Referring to FIGS. 1A and 1B, an exemplary embodiment of a cold plate 10 is shown. The cold plate 10 includes a housing 12 and a plurality of ceramic foam strips 18 disposed within the housing 12. The housing 12 includes a top and bottom cover plates 20, 22 respectively, side plates 24 and 26, a front manifold plate 28 and a rear manifold plate 29. The front manifold plate 28 includes an inlet port 14, and the rear manifold plate 29 includes an outlet port 16.

The housing 12 is formed of a conductive material, for example aluminum, an aluminum alloy, or other metal alloy. In one embodiment, the housing 12 is formed of an aluminum alloy. In alternative embodiments, the housing 12 may be formed of any lightweight material with acceptable heat transfer properties as desired for a particular application. For example, the housing 12 may be formed of copper, silicon, or a polymer.

The top and bottom cover plates 20, 22 are bonded to the ceramic foam strips 18 by a thermally conductive adhesive 32 applied between the foam strips 18 and the cover plates 20 and 22. The thermally conductive adhesive 32 ensures that all coolant flows through the ceramic foam 18 rather than between the top and bottom cover plates 20, 22 and the ceramic foam 18. Given by way of non-limiting example, in one exemplary embodiment the thermally conductive adhesive 32 is a silicone room temperature vulcanizing (RTV) sealant. However, the adhesive may be any adhesive with thermal conductivity characteristics that are acceptable for a particular application as desired. Another non-limiting example of an adhesive is a conductive epoxy.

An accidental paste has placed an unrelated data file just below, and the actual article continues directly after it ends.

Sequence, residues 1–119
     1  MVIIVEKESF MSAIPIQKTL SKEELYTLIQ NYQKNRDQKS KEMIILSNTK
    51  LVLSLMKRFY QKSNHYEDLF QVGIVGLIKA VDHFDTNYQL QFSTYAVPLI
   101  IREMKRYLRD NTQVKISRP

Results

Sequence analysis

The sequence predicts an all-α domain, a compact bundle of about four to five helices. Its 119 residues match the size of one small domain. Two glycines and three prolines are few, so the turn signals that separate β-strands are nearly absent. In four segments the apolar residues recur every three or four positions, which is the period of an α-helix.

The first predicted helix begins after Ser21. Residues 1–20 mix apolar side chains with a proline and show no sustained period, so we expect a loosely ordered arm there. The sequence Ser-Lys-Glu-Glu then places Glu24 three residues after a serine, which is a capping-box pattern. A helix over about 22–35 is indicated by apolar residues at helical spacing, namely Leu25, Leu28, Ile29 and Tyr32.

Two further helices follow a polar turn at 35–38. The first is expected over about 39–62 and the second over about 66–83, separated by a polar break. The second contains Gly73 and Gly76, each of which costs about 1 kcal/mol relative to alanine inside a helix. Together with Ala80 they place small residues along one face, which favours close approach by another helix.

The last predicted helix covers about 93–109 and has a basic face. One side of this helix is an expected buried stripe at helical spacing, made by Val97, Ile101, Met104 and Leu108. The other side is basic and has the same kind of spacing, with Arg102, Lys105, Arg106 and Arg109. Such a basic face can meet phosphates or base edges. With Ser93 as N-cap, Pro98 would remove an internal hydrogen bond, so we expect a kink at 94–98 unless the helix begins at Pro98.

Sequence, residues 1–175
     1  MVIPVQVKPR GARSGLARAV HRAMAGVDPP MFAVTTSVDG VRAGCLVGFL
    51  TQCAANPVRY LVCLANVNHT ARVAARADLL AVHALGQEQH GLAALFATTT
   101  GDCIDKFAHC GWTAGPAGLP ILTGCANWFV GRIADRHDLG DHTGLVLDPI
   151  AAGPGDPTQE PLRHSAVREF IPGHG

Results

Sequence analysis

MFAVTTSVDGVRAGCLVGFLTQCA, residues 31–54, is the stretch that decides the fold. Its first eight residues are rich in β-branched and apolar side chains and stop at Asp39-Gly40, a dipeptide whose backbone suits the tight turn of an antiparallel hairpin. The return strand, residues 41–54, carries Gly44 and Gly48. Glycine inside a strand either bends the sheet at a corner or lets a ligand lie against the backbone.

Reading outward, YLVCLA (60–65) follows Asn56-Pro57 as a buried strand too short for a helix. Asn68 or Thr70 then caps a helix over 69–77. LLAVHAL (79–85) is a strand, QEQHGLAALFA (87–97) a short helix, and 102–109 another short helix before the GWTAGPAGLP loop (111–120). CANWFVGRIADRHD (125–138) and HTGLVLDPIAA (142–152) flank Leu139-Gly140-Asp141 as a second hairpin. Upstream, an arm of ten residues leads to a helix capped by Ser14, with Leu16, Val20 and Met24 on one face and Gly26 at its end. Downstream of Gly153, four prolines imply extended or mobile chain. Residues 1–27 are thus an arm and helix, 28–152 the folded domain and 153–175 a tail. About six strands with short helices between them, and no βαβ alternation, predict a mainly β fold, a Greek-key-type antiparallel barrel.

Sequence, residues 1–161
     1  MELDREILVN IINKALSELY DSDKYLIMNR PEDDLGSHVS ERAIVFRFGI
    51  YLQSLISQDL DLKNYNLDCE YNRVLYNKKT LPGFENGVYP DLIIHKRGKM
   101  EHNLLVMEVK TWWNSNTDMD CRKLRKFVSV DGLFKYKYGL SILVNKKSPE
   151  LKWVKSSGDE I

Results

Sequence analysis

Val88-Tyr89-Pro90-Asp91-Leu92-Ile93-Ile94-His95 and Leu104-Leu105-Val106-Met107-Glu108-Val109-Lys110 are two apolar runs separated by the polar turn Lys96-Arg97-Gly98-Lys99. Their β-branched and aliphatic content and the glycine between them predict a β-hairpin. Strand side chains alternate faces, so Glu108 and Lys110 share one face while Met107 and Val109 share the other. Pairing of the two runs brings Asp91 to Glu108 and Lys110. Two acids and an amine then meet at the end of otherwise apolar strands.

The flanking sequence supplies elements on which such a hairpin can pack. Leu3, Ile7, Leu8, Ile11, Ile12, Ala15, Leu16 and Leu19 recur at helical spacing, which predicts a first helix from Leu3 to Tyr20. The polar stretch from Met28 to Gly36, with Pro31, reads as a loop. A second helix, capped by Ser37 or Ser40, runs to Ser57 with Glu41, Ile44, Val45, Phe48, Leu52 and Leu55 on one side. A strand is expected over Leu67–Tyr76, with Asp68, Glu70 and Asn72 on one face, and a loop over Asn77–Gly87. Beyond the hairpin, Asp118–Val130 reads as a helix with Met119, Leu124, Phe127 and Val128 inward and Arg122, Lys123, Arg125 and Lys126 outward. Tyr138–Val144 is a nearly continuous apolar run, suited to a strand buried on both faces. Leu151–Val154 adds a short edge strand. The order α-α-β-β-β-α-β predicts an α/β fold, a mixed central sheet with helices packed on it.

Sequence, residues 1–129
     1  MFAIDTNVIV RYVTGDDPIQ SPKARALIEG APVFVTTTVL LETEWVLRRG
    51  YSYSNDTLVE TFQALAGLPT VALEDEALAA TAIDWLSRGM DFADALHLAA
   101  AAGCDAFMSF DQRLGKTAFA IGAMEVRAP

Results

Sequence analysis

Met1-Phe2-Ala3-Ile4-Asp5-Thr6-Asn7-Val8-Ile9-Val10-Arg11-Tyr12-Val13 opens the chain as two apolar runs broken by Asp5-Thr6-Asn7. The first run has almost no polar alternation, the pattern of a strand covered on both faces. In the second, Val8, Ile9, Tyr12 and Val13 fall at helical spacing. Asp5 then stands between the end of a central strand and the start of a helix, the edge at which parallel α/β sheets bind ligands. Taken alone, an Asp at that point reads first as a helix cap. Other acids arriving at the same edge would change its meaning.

The top and bottom cover plates 20, 22 may be in contact with a device to transfer heat from the device to a cooling fluid passing through the cold plate 10. In one embodiment, a PCB is cooled by contacting the PCB to either the top cover plate 20 or the bottom cover plate 22. In another embodiment, a first PCB is cooled by contacting the first PCB with the top cover plate 20, and contacting a second PCB with the bottom cover plate 22.

Referring to FIG. 1C, the ceramic foam strips 18 include a high internal surface area ceramic foam material 27 and high thermal conductivity plugs 30. The ceramic foam material 29 has a pore size of no more than about 50 μm and a porosity of at least about 80 percent. According to one aspect of the disclosure, the pore size may be about 35 μm. According to another aspect of the disclosure, the porosity may be about 90 percent. The ceramic foam material 27 may be a hyperporous, microchannel alumina silica ceramic foam that includes silica, alumina, and aluminoborosilicate fibers. For example, the ceramic foam material 27 may be Boeing Rigid Insulation™ (BRI), which is a combination of silica and alumina fibers, and boron carbide. The boron carbide allows for more effective bonding of the fibers of the insulation. Furthermore, BRI is produced in a manner that orients the fibers in a plane roughly perpendicular to the flow of heat through the foam. BRI foam may have a porosity of between 90 and 96%, a pore size of about 35 μm and an internal surface area of about 31,000 ft2/ft3.